The retirement planning market will explode over the next decade, and the federal government intends to stoke the fire. Thats the message from two different meetings on the topic held simultaneously in June--the SAVER Summit in Washington, D.C., and the Securities Industry Associations Savings, Retirement and Estate Planning conference in Denver.
Meanwhile, the newest, hottest retirement planning option--the Roth IRA--has brokers increasingly befuddled.
Theres really a bipartisan piling on [in Washington, D.C.] to have a war in favor of savings, just as there was a war on drugs, said SIA President Marc Lackritz via phone to attendees of the SAVER Summit, a government-sponsored meeting June 4. What is truly remarkable is the amazing consensus on the magnitude of the problem. Lackritz was one of 250 delegates to the summit, mandated by legislation in 1997 as a way to address retirement income issues beyond Social Security.
Lackritz participated in a working group that drew together labor leaders, mutual fund executives, consumer advocates and broker/dealers. Despite the diverse interests, the group concluded that the public needs better incentives for saving, such as simplified regulations and broader tax advantages.
A report with specific recommendations is due by the end of the summer. However, whether regulators will go along with the groups ideas is unknown. The SEC was almost excluded from participation in the summit, Lackritz said. Two more SAVER Summits will be held in 2001 and 2005.
Right now, however, a fair amount of confusion grips those in the retirement planning industry. SIA conference participants were frustrated at how complex planning has become for firms and brokers. Their favorite target: Roth IRAs.
IRA business is growing so fast that firms cant find enough operations staff to get accounts opened without delays, attendees complained. Some said they had to handle conversions to Roth IRAs manually. A.G. Edwards IRA business doubled in the first half of 1998, compared with the same period a year ago. Mark Tulley, the firms manager of IRA retirement plan services, said about 10% of IRAs convert to Roth accounts.
Morgan Stanley Dean Witter has seen a 20% conversion rate, said Maryanne Elias, the firms IRA marketing director.
Attendees said they were troubled by brokers continuing lack of knowledge about Roth IRAs despite the educational materials available to them. We have a lot of brokers who dont know the basic rules, Tulley said. We run into misunderstandings most often about the tax consequences of distributions for college education and home mortgages.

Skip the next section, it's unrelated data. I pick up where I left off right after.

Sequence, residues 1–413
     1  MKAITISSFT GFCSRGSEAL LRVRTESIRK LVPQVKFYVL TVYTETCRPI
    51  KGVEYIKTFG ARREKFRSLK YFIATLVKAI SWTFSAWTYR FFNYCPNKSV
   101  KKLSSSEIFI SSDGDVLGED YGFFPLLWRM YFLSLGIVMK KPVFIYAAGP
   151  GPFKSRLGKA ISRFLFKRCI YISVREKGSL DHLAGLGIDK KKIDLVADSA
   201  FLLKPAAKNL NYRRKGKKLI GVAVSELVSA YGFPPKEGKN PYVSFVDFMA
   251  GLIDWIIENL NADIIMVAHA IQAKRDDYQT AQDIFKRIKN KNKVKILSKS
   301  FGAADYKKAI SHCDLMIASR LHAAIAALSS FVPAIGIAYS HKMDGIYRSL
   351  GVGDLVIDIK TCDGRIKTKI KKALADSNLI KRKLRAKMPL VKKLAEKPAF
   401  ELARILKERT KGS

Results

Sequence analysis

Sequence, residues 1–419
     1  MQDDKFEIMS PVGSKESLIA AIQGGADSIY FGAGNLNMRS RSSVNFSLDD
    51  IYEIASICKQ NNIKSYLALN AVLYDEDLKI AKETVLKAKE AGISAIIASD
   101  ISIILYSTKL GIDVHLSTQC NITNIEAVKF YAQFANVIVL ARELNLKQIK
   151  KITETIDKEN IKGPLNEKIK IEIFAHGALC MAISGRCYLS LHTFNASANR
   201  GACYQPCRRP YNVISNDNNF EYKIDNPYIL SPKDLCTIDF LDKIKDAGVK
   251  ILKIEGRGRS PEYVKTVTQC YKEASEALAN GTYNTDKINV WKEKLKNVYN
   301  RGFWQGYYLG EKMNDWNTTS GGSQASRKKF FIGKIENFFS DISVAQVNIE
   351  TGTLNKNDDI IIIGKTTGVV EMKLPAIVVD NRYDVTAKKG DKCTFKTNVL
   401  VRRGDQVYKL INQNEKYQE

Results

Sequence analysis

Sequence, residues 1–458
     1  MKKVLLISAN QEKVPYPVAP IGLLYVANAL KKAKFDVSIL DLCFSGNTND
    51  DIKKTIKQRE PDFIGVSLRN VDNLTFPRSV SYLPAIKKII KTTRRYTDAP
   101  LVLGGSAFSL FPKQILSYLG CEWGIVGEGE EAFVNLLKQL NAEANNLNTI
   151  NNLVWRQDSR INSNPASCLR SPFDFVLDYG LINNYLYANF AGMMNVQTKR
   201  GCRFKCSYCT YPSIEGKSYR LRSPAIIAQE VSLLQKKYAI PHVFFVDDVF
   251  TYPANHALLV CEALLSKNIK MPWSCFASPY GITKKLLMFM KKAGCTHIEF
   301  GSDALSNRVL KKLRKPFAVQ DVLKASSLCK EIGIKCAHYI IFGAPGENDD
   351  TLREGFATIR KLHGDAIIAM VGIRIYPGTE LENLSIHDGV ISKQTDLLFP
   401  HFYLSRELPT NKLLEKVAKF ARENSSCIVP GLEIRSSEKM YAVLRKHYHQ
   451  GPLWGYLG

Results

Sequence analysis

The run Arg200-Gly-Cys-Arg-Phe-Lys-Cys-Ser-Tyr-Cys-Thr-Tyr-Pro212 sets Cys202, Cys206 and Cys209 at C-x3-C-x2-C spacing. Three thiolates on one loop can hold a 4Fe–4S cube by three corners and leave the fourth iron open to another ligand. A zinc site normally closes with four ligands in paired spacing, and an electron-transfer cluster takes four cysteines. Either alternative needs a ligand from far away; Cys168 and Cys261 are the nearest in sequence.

Elias said her firm is experiencing operational headaches from brokers who move IRAs in and out of Roth accounts. She said the brokers convert IRAs into Roths, then unconvert them, wait for a market move that would give a more favorable valuation to achieve better tax consequences, then convert back to a Roth again.
Regardless of the confusion, SIA conference speakers expect that Roth IRAs are here to stay given the consensus on savings in Washington, D.C. However, they do anticipate some technical adjustments to the Roth regulations in the next few months.
More retirement planning-friendly laws might be on the horizon, SIA conference speakers predicted. Washington has fallen in love with defined contribution plans, said David Wray, president of the Profit Sharing/401(k) Council of America. Legislation is working its way through the House and Senate to enhance the countrys retirement planning system. One provision would increase the annual 401(k) contribution level to $15,000, he said.
It will take years for the bill to pass, but theres a strong chance it will, Wray said. The only negative is that regulators are looking for a role in the defined contribution system. The trend is toward less regulation, but the Department of Labor still wants an active role and has been making an issue of how fees are charged to participants.
Larger 401(k) investments might push participants to seek investment advice, Wray said. In general, 401(k) plans now generate about $10 billion in new cash each month, with most of it going to the equities market. Theres a $90, 000 average account balance among plans that have been in place at least 15 years, he added.
You now have secretaries with $200,000 in these plans and as non-executives they dont get financial advice as a perk, Wray said. When people see a lot of money in their plan, theyll be willing to pay for advice, especially once the market gets choppy.